Monday, June 11, 2012

5108.txt

date: Fri Sep 7 14:53:20 2001
from: Keith Briffa <k.briffaatXYZxyz.ac.uk>
subject: Fwd:
to: t.osbornatXYZxyz.ac.uk

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Date: Fri, 07 Sep 2001 16:42:50 +0300
To: Keith Briffa <k.briffaatXYZxyz.ac.uk>, Frank.berninger@Helsinki.fi
From: Frank Berninger <Frank.BerningeratXYZxyzsinki.fi>
Subject:
Cc: John Grace <jgraceatXYZxyz0.bio.ed.ac.uk>
Dear Keith,
After our telephone discussion.
An additional remark: We will not only have to downscale the GCM.s but also upscale the
growth models. There are different schools for that and I am in the school that requires
less climate data to do the job.
If we look at GCM downscaling I think we will run on two levels:
I am not totally shure what to say about the GCM stuff.... On the one hand GCM:s are too
bad (=do not agree with each other sufficiently) to justify a complicated effort to
scale them down, on the other hand we would require weather data that is good enough (or
our model results will be flawed.... I am remembering with horror a project where
climate change was imposed on temperature but not absolute humdity and the trees got
unhappy in dry desert air....) So I would give your free hands to decide.
1) For a few sample sites (where models will be run at greater detail: Most models
require:
Temperature (i.e. daily max and min) , Irradiance, Air humidity, wind speed and
precipitation
For our systems the sensitivity to wind speed is very small. (i.e unless there are
dramatic changes predicted by GCM:s forget about it. Precipitation is probably not so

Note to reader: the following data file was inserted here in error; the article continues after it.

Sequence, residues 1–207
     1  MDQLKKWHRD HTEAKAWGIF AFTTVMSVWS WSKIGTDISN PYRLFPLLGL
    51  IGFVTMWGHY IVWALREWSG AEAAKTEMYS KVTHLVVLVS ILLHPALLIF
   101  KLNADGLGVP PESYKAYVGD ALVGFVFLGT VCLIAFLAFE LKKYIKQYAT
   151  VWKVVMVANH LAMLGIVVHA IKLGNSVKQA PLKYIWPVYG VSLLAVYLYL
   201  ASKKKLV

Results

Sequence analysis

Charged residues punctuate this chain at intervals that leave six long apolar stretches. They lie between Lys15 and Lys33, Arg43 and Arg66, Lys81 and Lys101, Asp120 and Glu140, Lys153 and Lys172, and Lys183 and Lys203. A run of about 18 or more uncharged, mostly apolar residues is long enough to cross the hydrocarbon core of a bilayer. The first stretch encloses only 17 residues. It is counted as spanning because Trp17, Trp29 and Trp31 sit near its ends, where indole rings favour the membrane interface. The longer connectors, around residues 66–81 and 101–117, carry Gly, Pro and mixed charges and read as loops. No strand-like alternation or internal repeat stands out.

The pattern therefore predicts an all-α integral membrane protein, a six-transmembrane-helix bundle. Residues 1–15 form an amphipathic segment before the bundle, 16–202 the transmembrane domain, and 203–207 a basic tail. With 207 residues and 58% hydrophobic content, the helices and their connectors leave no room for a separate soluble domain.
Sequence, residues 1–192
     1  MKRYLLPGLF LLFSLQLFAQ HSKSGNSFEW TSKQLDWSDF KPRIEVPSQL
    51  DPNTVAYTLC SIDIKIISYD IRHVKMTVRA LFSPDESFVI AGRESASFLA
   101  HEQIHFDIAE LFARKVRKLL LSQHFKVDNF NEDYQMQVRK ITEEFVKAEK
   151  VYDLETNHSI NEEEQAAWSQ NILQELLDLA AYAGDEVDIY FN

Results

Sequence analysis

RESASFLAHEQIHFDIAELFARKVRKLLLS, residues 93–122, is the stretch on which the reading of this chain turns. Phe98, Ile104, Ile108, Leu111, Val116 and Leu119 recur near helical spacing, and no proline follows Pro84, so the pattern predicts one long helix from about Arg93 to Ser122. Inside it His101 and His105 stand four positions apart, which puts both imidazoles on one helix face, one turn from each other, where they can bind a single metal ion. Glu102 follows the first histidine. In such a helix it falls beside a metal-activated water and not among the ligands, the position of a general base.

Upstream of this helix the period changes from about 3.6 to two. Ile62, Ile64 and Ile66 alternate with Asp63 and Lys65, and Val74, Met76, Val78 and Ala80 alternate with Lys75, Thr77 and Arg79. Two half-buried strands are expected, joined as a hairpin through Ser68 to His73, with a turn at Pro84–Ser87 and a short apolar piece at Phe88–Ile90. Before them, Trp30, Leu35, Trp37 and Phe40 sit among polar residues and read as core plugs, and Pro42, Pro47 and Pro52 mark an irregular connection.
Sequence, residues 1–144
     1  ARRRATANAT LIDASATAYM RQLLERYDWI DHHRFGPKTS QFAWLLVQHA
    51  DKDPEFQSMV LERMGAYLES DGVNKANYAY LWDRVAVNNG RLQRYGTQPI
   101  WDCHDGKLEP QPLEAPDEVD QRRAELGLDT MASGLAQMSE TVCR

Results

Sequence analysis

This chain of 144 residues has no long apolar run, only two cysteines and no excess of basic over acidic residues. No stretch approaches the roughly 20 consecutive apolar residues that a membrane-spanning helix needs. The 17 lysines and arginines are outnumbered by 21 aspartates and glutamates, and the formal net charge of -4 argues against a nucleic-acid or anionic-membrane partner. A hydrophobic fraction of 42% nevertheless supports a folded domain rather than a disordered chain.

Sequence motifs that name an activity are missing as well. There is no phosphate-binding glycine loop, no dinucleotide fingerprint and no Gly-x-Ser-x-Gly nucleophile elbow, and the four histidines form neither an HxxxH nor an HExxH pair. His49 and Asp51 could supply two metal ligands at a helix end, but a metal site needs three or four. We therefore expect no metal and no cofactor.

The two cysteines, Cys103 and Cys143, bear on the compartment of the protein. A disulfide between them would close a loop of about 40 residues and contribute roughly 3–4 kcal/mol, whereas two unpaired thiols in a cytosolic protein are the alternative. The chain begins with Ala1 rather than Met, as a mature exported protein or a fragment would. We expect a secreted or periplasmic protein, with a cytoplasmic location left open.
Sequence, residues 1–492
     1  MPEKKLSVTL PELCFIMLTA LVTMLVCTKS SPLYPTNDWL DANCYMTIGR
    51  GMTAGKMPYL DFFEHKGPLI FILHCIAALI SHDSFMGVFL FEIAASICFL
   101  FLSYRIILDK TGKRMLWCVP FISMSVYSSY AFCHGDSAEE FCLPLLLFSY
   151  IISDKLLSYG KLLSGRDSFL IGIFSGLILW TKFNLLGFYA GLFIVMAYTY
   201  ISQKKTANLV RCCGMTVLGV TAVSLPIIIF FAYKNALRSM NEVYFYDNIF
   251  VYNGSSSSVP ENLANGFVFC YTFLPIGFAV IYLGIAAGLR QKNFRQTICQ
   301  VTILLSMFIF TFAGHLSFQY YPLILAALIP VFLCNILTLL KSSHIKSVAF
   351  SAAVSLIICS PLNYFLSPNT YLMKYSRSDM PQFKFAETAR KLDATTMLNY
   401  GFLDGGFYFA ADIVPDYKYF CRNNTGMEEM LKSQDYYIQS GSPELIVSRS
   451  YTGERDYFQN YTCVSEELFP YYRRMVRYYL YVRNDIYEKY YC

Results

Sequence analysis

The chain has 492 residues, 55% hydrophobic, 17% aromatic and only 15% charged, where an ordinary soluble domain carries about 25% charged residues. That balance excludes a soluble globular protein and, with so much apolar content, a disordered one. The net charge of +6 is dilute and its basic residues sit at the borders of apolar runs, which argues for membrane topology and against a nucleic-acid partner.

important on timberline.
The locations will be
3 Northern Scandinavia
1 Scottland
3 in the alps
1 in the Southern Apeninnes
1 in the Pyrenees
2) For the rest of the area probably changes in temperature and irradiance at the ground
on a monthly basis would be ok. (Depending on the upscaling scheme from the process
models). Precipitation in the mountains is tricky and models will not be very sensitive
to it.
Tree ring modelling:
I would like to see the work of Tom Melvin continued. I have made a trial to interpret
chronologies using a kind of limitation hypothesis and found interesting results (see
attachment (that is at the moment in the hands of a few referees of Nature). I think
that this could be associated with more long term modelling approaches (like the ones of
Tom) in different ways.,
I would try to phone you again (probably on wednesday thursday)
Frank
Frank Berninger
PhD, Docent
Department of Forest Ecology
POBOX 27
00014 University of Helsinki / Finland
Tel +358 9 191 58134
Fax + 358 9 191 58100

--
Professor Keith Briffa,
Climatic Research Unit
University of East Anglia
Norwich, NR4 7TJ, U.K.

Phone: +44-1603-593909
Fax: +44-1603-507784
[1]http://www.cru.uea.ac.uk/cru/people/briffa[2]/

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